VALUE: After Hours (S02 E12): Deploying Capital, 4 Horsemen of Coronapocalypse and Local Helping

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In this episode of the VALUE: After Hours Podcast Taylor, Brewster, and Carlisle chat about:

  • Managing Capital In A Downturn
  • The 4 Horsemen of Coronapocalypse Who Saw It Coming
  • How Can We All Become A Positive Force In Our Local Communities
  • Plus Or Minus Five Months From The Bottom Doesn’t Make Much Difference To Long Term Returns
  • Expect An Explosion In Innovative Projects From Workers Forced To Work From Home
  • Do Airlines Deserve A Bailout
  • Does Berkshire Use Its Cash For Acquisitions Or Buybacks
  • Which High Profile Hedge Fund Will Blow up First
  • Is Now The Time To Invest In Gold

You can find out more about the VALUE: After Hours Podcast here – VALUE: After Hours Podcast. You can also listen to the podcast on your favorite podcast platforms here:

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Full Transcript

Bill Brewster:
What’s going on?

Tobias Carlisle:
Zero eyeballs. I got three thumbs up. I don’t know how that’s happening.

Bill Brewster:
Okay. Well, that’s fine.

Tobias Carlisle:
All right. Look, let’s just get underway. They can watch. We’ve got 21. We just bounced up. Here we go. We got some people in the room.

Bill Brewster:
No, 10. There’s only 10. There can never be more than 10.

Tobias Carlisle:
There we go. We got a few people. Hey, what’s up Har and Patel? There we go. We got a few folks. All right. We got lots. 41.

Bill Brewster:
Welcome to markets in turmoil, live edition.

Tobias Carlisle:
We’re getting some good numbers. Hey Ian Cassel, how you doing?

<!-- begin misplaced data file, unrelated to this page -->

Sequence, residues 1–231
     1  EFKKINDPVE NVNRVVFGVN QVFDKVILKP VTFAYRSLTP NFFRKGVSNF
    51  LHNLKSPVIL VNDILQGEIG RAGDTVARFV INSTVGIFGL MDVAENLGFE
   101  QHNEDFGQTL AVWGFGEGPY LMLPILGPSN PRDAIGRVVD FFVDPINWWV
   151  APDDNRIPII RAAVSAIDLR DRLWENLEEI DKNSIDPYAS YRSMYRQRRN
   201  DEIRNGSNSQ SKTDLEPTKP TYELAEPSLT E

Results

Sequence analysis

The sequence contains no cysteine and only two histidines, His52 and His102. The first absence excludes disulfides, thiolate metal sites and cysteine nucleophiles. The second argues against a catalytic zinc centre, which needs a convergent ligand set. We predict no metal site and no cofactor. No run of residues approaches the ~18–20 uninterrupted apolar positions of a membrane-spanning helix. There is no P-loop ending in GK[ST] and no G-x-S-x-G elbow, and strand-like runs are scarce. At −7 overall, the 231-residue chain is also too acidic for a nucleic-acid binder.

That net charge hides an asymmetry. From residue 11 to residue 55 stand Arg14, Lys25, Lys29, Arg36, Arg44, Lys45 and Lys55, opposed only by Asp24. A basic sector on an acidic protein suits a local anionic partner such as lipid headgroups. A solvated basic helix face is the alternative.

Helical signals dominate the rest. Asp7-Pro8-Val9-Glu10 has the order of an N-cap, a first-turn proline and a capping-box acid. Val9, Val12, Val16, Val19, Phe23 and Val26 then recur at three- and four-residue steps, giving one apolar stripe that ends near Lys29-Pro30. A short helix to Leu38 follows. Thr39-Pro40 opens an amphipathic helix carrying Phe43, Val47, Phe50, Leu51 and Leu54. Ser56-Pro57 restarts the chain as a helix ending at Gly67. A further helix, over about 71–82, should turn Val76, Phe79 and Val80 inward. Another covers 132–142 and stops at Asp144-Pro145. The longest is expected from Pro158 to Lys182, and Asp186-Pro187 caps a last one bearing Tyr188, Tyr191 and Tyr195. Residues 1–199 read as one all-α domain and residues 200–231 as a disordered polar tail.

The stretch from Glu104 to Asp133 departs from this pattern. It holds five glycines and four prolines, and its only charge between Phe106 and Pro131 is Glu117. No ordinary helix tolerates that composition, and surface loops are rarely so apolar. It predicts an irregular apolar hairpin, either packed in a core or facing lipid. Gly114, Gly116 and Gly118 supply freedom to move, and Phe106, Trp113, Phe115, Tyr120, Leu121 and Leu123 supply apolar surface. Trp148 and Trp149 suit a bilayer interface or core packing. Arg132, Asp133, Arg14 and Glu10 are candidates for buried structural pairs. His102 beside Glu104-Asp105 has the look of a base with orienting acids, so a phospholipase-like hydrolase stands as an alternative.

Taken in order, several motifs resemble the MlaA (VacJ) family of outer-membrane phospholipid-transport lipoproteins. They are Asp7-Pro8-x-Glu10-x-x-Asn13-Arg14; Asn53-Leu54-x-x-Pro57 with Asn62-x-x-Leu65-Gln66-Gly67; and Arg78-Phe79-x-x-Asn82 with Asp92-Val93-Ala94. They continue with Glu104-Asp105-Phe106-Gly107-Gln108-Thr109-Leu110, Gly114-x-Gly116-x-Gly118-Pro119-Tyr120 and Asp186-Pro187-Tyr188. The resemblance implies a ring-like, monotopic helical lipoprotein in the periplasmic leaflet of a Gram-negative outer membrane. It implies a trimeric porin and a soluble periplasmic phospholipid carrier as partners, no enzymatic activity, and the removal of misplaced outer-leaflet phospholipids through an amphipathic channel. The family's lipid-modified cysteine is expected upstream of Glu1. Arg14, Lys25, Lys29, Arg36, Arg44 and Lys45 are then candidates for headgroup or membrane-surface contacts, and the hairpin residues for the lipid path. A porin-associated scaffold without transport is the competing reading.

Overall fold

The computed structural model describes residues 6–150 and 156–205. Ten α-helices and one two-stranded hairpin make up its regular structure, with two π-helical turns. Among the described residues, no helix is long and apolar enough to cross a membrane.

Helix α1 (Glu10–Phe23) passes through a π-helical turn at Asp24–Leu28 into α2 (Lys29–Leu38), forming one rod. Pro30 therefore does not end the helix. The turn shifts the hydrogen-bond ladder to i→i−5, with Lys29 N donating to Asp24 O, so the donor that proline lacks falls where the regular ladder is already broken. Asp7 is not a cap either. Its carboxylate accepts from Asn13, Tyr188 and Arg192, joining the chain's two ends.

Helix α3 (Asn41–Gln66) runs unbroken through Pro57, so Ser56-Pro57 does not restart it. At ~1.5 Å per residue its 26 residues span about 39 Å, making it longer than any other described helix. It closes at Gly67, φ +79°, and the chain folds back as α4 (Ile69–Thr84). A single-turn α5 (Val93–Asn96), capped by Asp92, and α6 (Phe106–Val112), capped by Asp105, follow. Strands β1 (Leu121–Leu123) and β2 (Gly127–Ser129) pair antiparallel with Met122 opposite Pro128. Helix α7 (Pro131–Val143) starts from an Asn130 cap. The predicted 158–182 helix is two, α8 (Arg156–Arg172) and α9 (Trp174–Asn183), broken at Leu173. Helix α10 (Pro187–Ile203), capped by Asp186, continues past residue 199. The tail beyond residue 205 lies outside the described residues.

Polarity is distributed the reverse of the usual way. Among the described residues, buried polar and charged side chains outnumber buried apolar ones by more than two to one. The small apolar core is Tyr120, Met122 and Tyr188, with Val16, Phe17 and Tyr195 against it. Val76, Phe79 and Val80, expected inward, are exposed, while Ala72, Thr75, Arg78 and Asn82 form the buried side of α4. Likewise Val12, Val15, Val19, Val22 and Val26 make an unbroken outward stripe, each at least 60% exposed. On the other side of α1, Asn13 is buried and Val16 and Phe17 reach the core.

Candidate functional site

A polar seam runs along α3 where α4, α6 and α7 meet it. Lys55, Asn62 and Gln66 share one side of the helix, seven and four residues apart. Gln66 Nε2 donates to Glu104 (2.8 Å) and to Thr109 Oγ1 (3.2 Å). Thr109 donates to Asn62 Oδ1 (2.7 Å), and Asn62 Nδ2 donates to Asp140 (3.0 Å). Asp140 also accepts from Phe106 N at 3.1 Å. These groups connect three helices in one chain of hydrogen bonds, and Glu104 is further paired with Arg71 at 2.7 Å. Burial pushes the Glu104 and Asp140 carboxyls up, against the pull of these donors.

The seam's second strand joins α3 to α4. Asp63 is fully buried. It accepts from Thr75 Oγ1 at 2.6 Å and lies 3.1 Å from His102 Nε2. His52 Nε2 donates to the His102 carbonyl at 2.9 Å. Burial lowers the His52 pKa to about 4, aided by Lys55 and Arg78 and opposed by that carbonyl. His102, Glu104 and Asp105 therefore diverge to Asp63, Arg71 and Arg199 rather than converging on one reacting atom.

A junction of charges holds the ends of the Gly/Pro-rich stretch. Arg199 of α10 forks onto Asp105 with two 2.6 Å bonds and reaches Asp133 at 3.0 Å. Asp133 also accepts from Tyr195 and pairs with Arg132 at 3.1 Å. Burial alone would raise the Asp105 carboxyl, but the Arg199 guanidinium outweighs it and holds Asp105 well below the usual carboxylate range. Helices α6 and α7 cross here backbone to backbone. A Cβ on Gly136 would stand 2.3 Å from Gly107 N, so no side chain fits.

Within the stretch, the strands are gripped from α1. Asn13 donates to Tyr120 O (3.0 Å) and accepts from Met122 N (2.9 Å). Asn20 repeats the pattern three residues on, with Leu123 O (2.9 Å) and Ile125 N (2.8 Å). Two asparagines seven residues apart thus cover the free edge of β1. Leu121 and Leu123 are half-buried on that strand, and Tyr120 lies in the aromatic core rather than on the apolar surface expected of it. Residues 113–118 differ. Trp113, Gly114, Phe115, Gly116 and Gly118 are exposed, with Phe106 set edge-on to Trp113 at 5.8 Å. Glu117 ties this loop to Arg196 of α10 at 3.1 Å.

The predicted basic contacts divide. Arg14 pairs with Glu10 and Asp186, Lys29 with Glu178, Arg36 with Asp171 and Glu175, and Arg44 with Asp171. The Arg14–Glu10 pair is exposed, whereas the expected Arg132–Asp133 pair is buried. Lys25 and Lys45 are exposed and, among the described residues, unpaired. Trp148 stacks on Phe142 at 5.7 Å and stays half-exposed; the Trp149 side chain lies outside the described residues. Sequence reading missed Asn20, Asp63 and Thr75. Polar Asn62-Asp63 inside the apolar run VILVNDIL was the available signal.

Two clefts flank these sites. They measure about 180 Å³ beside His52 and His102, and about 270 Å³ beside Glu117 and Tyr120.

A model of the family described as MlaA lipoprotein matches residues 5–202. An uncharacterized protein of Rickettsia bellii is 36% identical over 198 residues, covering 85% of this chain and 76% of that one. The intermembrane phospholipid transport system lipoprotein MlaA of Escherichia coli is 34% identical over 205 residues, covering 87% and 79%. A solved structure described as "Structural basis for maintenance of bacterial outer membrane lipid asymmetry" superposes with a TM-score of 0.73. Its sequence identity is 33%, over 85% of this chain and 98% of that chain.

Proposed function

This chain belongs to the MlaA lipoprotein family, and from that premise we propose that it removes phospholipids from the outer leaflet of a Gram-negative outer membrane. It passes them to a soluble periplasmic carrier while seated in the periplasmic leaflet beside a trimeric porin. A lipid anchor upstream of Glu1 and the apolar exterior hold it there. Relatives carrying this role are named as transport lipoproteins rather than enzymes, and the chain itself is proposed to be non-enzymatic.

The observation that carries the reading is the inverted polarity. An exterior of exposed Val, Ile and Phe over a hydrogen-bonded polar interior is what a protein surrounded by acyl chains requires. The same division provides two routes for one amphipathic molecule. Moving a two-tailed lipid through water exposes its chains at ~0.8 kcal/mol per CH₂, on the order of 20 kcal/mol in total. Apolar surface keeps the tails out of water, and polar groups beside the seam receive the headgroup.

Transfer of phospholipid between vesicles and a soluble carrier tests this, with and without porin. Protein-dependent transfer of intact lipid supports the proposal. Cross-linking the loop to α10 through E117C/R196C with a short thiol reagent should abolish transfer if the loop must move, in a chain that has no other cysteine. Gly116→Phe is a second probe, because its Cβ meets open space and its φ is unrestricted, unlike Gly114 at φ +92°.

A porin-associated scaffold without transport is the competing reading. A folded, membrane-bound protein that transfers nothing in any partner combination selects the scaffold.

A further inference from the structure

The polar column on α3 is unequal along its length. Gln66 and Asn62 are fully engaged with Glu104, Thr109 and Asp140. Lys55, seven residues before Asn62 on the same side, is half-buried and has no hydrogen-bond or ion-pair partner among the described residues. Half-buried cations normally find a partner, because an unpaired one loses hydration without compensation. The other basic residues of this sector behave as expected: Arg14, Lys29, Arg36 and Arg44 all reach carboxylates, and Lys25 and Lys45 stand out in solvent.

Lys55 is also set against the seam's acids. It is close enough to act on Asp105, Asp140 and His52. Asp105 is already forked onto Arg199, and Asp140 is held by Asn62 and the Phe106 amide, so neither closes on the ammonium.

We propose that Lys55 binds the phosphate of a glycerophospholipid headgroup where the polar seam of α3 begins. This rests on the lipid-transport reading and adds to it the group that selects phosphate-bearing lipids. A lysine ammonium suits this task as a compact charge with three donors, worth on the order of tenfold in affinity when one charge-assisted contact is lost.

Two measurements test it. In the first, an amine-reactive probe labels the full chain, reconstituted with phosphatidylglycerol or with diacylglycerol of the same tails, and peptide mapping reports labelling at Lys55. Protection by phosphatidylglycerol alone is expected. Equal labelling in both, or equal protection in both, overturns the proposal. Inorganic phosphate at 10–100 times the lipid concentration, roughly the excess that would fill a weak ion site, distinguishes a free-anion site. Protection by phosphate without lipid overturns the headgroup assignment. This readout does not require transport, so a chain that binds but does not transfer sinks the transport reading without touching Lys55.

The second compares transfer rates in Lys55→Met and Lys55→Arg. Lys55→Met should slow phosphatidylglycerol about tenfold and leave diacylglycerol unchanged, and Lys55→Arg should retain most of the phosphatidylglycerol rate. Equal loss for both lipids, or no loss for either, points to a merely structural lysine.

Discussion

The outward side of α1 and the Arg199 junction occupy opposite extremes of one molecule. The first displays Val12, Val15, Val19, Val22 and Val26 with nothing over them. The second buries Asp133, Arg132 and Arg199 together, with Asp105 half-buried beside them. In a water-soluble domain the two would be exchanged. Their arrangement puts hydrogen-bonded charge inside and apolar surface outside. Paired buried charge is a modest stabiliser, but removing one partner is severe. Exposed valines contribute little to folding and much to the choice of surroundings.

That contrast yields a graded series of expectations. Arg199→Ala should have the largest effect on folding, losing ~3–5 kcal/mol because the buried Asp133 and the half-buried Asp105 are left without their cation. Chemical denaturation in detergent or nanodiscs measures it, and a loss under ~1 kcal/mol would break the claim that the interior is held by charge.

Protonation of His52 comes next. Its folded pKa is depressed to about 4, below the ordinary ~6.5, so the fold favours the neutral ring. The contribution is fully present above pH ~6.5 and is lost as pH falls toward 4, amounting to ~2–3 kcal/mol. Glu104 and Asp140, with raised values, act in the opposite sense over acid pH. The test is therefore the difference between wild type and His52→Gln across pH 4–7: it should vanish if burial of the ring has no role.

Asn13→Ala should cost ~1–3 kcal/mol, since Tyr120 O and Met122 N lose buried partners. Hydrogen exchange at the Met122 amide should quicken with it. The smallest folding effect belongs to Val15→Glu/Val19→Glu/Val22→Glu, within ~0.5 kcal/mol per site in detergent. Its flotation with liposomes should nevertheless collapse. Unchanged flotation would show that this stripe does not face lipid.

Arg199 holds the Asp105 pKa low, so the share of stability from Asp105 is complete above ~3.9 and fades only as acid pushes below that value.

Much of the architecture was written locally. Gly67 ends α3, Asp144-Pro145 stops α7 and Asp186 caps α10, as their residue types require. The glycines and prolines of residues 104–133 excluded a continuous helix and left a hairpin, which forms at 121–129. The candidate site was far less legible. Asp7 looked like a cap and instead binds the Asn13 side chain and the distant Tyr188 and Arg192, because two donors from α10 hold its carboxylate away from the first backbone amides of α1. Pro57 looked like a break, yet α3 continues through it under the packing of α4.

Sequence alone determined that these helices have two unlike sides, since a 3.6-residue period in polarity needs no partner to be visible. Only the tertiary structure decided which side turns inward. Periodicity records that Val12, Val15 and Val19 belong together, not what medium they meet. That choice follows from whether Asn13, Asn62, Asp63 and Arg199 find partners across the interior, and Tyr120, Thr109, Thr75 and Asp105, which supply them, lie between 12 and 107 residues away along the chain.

Bill Brewster:
Hey, what up Ian?

Tobias Carlisle:
52. We got some good numbers here. All right. Let’s get underway.

Jake Taylor:
Get rolling.

Tobias Carlisle:
This is Value After Hours with my amigos Bill Brewster and Jake Taylor. We’re going to be talking about corona-pocalypse as always, big market sell off. Bill, what’s your topic?

Bill Brewster:
I’m going to talk about how I’m thinking about deploying capital right now and sort of managing through this.

Tobias Carlisle:
Nice. And Jake, what’s your topic today?

Jake Taylor:
What capital? I’m just kidding. I’m going to be talking… I’m actually going to be talking about things that maybe we can do in our own local communities to be a positive force during a difficult time.

Tobias Carlisle:
That’s a good one, and I’ll be talking about the four horseman of the corona-pocalypse, the guys who predicted not necessarily that eating a bat in a wet market in China would lead to a 30% sell off in the states. But the guys who foresaw something coming for other reasons. Normally what I’d say we’d talk about it right after this, but it’s not like we’re running a…

Bill Brewster:
We’re talking right now.

Tobias Carlisle:
We’re going live. So Bill, you want to kick it off?

Managing Capital In A Downturn

Bill Brewster:
Yeah. Sure. I guess so. So I sort of wrote to… I’m running the family money or whatever, so I wrote them a note recently and talked about how I was thinking through managing capital in this downturn. And I sort of got some feedback from some people that I talk to that said that maybe my allocation was maybe a little defensive. And I guess just taking a step back, the way that I sort of think the most probably way this all plays out is right now I don’t think it’s an exaggeration to say that this is a war against a virus. So I think that we do, as humans, I think we ban together and we try to do this, accomplish this goal and bend this curve for, I don’t know, a month or two. And we’re going to get more data, and we’re going to figure out where we are. And I think that once we get the data, we’re going to be able to sort of adjust to the normal of life, whatever the heck that looks like over the next couple months.

Bill Brewster:
And either we are going to lose this war and life is going to continue and it’s going to be super painful, and we’re going to lose a lot of people. Or we’re going to win it, and life is going to continue. And I think it’s actually going to be pretty fucking awesome to see humanity do what we are trying to accomplish. Either way-

Tobias Carlisle:
We need to give a trigger warning. There might be some… Because we’re doing this live, we’re going to swear. We’re going to be normal. So if that’s the kind of thing that offends you, then perhaps you should tune out right now.

Bill Brewster:
So yeah, I mean, the point of this podcast is sort of to be a little bit informal.